The NATO military alliance condemned Pakistan's nuclear tests Thursday as a threat to regional security and urged both Pakistan and India to pull back from their intensifying nuclear rivalry.

"We as NATO urge Pakistan and India to exercise maximum restraint," said alliance Secretary General Javier Solana."We strongly condemn both Pakistan and India's nuclear tests, which have profound implications for the security of the region and beyond," Solana told reporters during a meeting of foreign ministers from the 16 NATO allies.

NATO officials said Pakistan now risked "rigorous sanctions," similar to those imposed on India by various nations after its five nuclear tests earlier this month.

The North Atlantic Treaty Organization urged both Pakistan and India to sign up to the nuclear Non-Proliferation treaty.

NATO ministers, including Secretary of State Madeleine Albright, had just opened a two-day meeting when word came Pakistan had detonated two nuclear devices. (Story on A1.)

At that meeting, NATO ordered its military planners to consider possible troop deployments in Albania and Macedonia in case beefed-up allied assistance to those nations fails to prevent the violence raging in Kosovo from spilling over into a wider Balkan conflict.

"We have commissioned military advice on NATO preventive deployments in Albania and the former Yugoslav Republic of Macedonia," the 16 NATO foreign ministers said in a statement.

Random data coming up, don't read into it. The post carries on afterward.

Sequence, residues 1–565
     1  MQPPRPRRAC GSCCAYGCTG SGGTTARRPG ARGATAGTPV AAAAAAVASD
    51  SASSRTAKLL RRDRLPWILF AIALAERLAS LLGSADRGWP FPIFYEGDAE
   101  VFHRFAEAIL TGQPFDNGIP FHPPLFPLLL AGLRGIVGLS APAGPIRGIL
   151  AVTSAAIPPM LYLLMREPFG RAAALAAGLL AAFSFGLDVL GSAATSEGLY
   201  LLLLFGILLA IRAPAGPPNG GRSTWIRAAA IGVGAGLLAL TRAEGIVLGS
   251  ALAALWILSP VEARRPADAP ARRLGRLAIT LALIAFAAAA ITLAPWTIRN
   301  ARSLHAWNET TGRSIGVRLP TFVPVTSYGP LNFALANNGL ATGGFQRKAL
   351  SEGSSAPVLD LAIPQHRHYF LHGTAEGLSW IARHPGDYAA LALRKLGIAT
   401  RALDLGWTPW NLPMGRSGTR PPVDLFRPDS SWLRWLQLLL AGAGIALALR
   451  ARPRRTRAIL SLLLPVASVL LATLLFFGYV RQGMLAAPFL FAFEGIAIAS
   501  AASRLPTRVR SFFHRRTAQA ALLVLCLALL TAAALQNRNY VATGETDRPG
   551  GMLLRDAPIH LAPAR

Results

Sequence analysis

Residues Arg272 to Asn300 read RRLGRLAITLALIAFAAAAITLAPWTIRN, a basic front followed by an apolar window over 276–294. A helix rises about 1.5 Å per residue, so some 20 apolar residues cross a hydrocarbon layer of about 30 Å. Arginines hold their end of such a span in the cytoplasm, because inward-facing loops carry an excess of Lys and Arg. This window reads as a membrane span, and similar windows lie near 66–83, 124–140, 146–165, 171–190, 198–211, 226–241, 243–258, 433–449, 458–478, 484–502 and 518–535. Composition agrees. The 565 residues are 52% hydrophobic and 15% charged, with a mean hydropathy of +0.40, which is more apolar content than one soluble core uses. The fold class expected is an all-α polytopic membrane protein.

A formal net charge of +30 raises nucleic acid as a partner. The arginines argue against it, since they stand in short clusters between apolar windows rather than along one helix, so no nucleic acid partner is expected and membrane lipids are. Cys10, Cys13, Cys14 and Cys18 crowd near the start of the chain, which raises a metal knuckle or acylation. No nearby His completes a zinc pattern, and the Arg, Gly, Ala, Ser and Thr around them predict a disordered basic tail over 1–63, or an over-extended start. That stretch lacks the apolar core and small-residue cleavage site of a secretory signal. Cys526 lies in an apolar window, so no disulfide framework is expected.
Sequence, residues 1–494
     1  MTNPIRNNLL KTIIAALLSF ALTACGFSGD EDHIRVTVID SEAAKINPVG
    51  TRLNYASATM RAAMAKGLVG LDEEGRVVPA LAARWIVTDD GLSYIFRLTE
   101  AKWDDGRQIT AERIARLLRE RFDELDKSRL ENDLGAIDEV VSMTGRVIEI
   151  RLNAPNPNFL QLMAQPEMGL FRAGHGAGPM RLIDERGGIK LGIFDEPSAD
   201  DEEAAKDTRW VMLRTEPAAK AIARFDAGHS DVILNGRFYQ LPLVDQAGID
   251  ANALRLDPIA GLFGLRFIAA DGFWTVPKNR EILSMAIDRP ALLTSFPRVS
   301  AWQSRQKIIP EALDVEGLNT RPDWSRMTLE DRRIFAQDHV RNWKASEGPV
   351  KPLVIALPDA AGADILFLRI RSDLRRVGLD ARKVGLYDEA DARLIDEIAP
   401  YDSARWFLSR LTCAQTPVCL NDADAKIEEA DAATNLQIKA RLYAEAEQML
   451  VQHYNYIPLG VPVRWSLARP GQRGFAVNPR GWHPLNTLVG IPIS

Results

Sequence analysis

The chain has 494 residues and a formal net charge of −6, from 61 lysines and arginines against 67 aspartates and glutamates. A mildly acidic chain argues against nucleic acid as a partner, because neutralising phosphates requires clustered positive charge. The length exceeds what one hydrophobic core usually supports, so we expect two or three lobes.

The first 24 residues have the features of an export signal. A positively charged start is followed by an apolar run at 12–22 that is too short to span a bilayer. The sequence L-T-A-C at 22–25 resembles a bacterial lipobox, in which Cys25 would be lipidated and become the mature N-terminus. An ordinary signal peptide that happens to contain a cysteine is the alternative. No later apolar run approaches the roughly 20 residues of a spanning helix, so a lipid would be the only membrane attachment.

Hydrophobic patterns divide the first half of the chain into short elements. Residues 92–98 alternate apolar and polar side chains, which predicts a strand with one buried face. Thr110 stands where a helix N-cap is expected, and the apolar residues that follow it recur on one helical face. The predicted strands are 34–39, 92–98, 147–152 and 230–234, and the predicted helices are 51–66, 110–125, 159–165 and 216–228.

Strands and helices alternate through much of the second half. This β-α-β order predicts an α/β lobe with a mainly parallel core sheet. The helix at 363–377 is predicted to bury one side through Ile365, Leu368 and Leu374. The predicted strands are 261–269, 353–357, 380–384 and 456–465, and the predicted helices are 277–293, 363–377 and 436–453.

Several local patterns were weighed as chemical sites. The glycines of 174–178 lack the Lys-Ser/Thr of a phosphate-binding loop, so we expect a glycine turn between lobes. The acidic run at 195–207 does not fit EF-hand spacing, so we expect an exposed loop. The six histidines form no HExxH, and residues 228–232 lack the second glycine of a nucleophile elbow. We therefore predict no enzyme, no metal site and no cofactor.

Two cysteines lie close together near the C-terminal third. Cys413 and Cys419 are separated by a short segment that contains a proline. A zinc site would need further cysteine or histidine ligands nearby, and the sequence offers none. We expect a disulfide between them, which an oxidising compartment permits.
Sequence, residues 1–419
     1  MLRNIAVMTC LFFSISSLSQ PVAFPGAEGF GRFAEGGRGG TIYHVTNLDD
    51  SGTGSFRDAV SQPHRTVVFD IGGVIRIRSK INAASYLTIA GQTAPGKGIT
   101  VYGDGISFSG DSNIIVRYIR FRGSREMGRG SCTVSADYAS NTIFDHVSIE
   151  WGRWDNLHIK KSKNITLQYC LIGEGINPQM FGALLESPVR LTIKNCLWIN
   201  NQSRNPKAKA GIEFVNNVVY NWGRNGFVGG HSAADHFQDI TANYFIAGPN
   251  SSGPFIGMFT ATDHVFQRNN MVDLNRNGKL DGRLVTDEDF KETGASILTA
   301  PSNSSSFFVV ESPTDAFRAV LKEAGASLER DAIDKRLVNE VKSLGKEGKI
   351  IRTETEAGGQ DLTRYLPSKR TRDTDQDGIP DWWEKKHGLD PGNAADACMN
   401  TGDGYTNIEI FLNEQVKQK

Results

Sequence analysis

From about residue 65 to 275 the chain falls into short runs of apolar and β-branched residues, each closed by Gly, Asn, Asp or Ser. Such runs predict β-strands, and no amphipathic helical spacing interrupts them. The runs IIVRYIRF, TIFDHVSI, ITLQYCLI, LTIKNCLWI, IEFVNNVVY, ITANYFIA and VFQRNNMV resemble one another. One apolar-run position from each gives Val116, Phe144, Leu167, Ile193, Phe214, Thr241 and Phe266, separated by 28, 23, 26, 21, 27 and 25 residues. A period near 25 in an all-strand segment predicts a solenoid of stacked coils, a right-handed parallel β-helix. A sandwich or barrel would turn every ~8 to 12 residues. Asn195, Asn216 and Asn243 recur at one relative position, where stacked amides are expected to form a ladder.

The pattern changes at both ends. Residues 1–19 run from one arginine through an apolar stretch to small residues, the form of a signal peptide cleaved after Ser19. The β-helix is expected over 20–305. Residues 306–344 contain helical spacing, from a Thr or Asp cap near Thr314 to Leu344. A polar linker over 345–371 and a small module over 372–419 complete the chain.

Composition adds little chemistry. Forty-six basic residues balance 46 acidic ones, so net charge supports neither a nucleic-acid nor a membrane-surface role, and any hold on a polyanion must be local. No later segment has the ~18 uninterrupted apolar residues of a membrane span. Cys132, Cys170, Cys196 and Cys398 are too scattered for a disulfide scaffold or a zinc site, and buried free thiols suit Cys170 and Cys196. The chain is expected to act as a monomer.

Among the immediate measures agreed on were increased cooperation to help Albania and Macedonia patrol their borders and joint exercises with forces from the two Balkan nations.

The NATO ministers stressed they hoped diplomatic efforts to encourage talks between the Serbian authorities and ethnic Albanian leaders in Kosovo would bring a negotiated settlement so allied troops will not be needed.

Underlining continued concern about Balkan stability, the NATO ministers approved plans to keep the alliance-led force of 34,000 troops in Bosnia at it's current strength at least until the September elections there.

The 16 ministers said Kosovo's unrest risked jeopardizing the peace agreement in Bosnia and endangered stability in Albania and Macedonia.

"The status quo is unsustainable," they said in a statement released after the first session of their two-day meeting.

To immediately reassure Albania and Macedonia, NATO agreed to step up assistance programs under which NATO has been sending small teams of military advisors to help them secure their borders with Kosovo.